NDSU Crop and Pest Report

Plant Science


ISSUE 15  August 14, 2003

HARVESTING FIELD PEAS

Most new cultivars of peas are straight (direct) combined. Peas are only swathed to preserve quality if there is uneven crop maturity or heavy weed pressure present. If green_-otyledon pea harvest is delayed, bleaching may occur. Bleaching is caused by rainfall at maturity, high humidity, bright sunshine and warm temperatures. If green peas are swathed, timely harvest is essential, for green pea will be more susceptible to bleaching in the swath than if left standing.

When swathing peas, the seed needs to be at physiological maturity. At this stage of growth, the majority of pods should have turned from green to a yellow color. The crop matures from the bottom pods upward. Swathing will normally result in increased harvest losses, but swather modifications make the procedure easier and will reduce harvest loss. Vine-lifters enable producers to get under the pea vines and lift them over the cutting knife. Many growers use a pickup reel as well. Peas should be swathed in the early morning or late afternoon when the pods are tough to reduce shattering losses. Combining should not be delayed after swathing, because pea swaths are susceptible to movement by wind.

Many short to medium-vine and semi-leafless pea cultivars have characteristics that allow straight harvesting compared to cultivars with indeterminate and prostrate-vine growth. For example, semi-leafless pea have a more open canopy, remain erect longer and dry down more rapidly after a rain or heavy dew than indeterminate long-vine type.

The first choice for direct harvest of short to medium-vine and semi-leafless pea varieties is a combine header with a floating cutter bar or flex head. Also, attachments such as lifter guards and pickup reels reduce losses and improve harvest efficiency. Direct harvesting of weak and prostrate-vine cultivars is most efficient with an aggressive pickup attachment and a lead coulter on a standard combine.

Field peas should be combined with seed moisture of 14 to 20 percent. At this moisture range, the seeds are firm and no longer penetrable with a thumbnail. Harvest should occur during humid conditions to minimize seed shatter.

Correct combine settings and operation are important to maintain seed quality. Reel speed should be slow to minimize seed shatter. Low cylinder speeds, normally 350 to 600 rpm, should be used to minimize seed cracking or splitting. Initial concave settings of 0.6 inch clearance at the front and 0.2 inch at the rear are suggested. Adjust combine settings as crop and weather conditions change.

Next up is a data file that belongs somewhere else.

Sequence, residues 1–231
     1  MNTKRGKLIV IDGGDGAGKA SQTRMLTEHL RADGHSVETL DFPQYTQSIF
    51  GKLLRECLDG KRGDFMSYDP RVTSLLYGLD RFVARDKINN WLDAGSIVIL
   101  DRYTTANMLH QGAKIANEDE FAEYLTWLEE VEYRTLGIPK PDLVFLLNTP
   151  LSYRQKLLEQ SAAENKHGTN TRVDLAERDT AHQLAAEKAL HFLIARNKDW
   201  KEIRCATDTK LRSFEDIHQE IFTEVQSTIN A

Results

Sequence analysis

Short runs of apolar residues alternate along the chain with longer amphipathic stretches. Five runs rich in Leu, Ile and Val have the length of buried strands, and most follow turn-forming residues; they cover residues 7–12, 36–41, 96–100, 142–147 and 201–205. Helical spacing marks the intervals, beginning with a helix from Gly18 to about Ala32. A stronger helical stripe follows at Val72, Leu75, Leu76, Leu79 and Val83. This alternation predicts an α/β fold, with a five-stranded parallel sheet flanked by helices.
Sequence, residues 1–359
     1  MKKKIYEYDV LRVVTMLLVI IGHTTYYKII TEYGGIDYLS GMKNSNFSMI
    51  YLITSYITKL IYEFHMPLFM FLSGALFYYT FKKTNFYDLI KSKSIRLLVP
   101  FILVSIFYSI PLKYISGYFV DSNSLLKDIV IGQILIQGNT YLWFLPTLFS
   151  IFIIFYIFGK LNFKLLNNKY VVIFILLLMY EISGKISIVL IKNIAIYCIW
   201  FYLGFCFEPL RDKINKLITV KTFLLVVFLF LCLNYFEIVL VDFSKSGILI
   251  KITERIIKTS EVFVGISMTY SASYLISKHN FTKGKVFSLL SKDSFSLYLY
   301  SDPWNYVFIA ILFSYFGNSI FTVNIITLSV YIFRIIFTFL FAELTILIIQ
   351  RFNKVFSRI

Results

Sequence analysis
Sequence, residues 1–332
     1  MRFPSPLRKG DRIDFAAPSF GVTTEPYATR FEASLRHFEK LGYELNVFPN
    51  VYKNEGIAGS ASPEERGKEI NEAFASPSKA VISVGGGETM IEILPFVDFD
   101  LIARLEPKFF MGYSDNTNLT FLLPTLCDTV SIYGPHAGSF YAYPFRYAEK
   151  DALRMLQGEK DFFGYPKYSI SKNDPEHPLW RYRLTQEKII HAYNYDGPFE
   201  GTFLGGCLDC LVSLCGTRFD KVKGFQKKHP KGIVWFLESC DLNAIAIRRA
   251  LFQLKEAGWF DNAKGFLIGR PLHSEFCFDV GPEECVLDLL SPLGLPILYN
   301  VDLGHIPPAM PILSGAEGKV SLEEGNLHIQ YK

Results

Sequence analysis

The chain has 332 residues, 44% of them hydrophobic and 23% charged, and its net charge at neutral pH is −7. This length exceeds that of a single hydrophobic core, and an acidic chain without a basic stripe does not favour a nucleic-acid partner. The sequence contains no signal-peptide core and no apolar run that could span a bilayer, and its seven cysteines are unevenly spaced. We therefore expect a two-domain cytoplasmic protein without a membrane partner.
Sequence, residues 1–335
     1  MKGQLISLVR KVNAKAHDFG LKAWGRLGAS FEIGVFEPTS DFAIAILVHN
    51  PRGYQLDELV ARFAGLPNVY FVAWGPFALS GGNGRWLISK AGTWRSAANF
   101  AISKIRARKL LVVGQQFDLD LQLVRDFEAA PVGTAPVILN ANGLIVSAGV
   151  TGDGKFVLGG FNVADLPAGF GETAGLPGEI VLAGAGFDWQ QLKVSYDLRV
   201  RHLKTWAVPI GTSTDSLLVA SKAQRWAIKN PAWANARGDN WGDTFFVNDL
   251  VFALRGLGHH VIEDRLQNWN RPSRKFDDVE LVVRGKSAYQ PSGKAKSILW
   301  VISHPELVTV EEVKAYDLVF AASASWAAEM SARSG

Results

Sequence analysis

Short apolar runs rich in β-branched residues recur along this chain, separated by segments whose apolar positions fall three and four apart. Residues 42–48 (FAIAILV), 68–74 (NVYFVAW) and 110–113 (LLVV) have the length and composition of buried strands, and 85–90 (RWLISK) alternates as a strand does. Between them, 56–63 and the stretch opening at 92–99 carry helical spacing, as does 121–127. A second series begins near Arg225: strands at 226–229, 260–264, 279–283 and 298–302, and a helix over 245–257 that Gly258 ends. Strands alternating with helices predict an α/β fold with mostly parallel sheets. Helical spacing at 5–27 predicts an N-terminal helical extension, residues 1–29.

SPECIALTY CROPS-WHEN TO SWATH AND COMBINE

Hot weather in recent days has tended to push many crops to mature at an increased rate. Questions on when to swath and harvest certain alternative crops are being asked. Below are some comments and suggestions:

Crop

Other Information

Lentil

Swath when lowermost pods are tan colored and rattle when shaken. Thresh when seeds test 18% moisture content or lower. Overdry lentils (8-10%) are hard and difficult to process or consume. Plants may still be green when pods are ripe. Crop typically matures in patches. Some shatter loss usually occurs. Watch out for swaths being scattered by the wind.

Millet, Proso

Swath when seeds in the upper one-half of the panicle have matured. Seeds in lower portion will be in dough stage but will have less color. Harvest millet when its below 13% moisture. Proso shatters easily if not cut on time.

Mustard

Swath when seed moisture content is 25%. Seeds are firm when pressed between fingers. Oriental - 75% yellow seeds. Brown - 60% reddish brown seeds. Yellow - 100% yellow seeds. Straight combine yellow mustard whenever possible. Watch for cracked seeds. Moisture content of seed should be 13% or lower. Swaths are fluffy and subject to wind damage. Lay swaths in direction of prevailing winds. Immature green seed will not change in color in the swath. Use swath roller.

Safflower

Crop has finished blooming. Seeds heads are tan to brown in color. Leaves and heads are spiny with little green evident. Crop should be straight combined if evenly matured. Mature seed is striped or white and rubs freely from the heads.